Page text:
Last year government rules on immigration were tightened in October to permit the home secretary to stop people entering Britain if they are believed to be "a threat to national security, public order or the safety of UK citizens."

Smith stated that extremists will have to prove their innocence under new rules supposedly aimed at radical Islamists, neo-Nazis and violent animal rights activists. Hitherto the onus of proof of a threat rested with the government. Even before this move was announced in October, the government had banned 230 individuals. 

British Foreign Secretary David Miliband defended the government's decision on Wilders, stating, "We have a profound commitment to freedom of speech, but there is no freedom to cry ‘fire' in a crowded theatre and there is no freedom to stir up hate, religious and racial hatred, according to the laws of the land." 

This is hypocritical bunk. Using the odious views of Wilders, a government soaked in blood from its wars in Iraq and Afghanistan, that has attacked fundamental civil liberties such as the right of habeas corpus and jury trial, has sought to cloak itself in the mantle of liberal defenders of Muslims. In fact, Wilders has visited Britain on several occasions, most recently having been to the House of Lords two weeks before the ban, with virtually no publicity or public reaction.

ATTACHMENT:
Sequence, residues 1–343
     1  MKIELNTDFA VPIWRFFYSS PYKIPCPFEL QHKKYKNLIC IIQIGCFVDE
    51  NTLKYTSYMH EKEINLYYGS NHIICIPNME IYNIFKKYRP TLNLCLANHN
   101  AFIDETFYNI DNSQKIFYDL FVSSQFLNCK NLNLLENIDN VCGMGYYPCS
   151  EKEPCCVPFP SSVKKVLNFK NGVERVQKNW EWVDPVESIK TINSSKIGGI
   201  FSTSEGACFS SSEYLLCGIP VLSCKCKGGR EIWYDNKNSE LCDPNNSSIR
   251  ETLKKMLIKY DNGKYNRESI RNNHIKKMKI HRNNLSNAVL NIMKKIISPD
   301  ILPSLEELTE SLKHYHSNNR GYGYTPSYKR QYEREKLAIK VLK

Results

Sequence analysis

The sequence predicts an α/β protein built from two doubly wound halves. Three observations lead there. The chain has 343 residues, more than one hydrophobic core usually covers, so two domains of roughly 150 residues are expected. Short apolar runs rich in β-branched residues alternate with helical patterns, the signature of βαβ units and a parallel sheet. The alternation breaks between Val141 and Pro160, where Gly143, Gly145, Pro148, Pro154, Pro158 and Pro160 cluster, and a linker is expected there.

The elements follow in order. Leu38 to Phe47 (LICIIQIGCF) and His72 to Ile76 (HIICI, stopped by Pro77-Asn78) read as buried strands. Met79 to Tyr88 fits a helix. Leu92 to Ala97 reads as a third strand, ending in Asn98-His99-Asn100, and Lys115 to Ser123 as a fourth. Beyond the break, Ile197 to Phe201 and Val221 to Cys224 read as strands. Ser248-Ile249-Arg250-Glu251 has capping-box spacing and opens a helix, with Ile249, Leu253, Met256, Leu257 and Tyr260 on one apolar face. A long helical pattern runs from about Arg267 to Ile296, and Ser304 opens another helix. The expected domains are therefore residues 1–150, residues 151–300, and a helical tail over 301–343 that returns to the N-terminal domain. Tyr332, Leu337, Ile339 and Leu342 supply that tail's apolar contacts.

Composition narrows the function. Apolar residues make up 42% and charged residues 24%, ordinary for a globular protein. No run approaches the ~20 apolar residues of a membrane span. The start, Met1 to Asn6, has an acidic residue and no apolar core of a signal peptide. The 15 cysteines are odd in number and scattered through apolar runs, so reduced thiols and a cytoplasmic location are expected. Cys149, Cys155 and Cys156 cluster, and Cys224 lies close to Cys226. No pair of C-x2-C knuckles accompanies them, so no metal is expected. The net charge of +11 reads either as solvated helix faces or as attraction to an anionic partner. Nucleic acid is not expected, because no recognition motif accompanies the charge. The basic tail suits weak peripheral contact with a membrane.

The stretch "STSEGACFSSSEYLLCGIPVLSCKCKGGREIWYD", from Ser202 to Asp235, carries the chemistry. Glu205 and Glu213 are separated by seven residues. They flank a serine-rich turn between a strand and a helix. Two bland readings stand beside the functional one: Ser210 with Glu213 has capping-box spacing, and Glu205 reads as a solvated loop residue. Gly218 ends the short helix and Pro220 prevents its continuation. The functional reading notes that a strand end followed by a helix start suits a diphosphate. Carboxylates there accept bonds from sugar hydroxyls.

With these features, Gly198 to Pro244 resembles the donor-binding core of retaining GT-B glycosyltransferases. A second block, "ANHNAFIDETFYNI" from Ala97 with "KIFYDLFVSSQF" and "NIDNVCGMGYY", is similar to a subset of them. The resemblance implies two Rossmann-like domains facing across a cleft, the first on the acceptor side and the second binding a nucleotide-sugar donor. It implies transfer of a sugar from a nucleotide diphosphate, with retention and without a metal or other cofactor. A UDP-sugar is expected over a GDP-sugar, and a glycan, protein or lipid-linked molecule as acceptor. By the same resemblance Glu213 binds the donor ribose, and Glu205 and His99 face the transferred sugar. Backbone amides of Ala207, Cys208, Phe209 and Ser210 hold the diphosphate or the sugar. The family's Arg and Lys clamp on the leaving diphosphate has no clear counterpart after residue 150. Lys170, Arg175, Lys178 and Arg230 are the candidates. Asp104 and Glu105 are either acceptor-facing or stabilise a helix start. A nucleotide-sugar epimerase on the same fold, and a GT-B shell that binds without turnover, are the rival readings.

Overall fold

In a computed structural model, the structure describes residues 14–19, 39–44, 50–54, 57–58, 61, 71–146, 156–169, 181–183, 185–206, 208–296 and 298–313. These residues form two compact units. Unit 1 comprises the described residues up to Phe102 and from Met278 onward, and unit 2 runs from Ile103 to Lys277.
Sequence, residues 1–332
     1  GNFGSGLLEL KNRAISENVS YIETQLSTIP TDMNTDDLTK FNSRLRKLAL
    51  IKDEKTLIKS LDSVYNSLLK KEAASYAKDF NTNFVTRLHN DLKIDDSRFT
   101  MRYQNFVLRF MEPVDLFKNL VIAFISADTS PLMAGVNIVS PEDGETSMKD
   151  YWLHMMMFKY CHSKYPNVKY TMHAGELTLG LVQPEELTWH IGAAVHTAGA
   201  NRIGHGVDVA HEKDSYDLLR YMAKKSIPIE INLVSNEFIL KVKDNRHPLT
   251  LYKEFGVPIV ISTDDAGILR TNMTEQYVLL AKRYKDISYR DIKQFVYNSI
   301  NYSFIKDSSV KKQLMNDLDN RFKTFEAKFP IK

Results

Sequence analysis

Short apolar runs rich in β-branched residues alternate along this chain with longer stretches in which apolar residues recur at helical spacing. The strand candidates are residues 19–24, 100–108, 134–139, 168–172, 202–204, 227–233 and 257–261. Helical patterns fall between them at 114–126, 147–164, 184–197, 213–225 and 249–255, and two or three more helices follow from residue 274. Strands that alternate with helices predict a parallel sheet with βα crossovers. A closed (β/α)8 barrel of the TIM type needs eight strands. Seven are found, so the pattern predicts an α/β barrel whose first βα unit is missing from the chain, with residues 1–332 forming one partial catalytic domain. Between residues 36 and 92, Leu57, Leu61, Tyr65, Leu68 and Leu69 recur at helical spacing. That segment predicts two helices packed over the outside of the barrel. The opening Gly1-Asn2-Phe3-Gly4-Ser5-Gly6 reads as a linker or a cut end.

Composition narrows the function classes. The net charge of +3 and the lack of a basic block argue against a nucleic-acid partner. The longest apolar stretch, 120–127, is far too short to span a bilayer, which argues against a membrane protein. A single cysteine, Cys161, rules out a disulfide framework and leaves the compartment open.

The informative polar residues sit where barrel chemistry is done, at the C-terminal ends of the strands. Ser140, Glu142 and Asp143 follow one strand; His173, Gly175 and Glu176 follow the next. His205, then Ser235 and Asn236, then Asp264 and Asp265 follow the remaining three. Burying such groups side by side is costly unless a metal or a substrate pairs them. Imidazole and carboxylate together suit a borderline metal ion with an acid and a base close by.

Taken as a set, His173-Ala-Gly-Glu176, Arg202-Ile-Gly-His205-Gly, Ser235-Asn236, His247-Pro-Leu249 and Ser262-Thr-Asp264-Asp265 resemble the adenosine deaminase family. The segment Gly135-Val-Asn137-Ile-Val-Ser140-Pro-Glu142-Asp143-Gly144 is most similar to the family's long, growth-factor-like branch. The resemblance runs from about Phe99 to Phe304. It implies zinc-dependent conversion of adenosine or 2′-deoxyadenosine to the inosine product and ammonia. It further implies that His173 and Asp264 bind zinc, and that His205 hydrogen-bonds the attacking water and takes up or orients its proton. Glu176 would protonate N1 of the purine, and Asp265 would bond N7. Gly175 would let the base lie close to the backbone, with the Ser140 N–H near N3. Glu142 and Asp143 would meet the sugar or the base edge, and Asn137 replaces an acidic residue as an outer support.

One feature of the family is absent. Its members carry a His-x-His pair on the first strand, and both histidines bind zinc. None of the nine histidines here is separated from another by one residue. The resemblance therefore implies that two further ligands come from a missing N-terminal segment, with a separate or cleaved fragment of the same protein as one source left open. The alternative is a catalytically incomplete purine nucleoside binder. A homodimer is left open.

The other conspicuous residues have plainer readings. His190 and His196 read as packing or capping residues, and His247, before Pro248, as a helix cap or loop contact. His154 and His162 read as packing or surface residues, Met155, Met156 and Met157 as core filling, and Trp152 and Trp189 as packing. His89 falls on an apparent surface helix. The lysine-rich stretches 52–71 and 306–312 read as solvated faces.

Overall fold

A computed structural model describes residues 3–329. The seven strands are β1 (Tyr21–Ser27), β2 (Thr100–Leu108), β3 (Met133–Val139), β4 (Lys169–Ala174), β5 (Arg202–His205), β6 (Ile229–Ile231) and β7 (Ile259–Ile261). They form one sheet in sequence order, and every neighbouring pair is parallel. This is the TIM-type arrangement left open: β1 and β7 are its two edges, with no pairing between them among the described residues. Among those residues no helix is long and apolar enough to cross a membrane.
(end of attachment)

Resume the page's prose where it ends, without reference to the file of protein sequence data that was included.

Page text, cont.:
Wilders has shown his film in Denmark's parliament and he plans to show it in the Italian parliament and the US House of Representatives. Like the UK, all have been active participants in the US-led "war on terror" and the invasion and occupation of Iraq, with significant demonization of Muslims as the domestic corollary of this aggressive foreign policy. 

Responding to the deportation, Labour peer Lord Ahmed told the BBC, "This man doesn't have any respect for law. He's doing this for publicity and he's seeking that and getting that."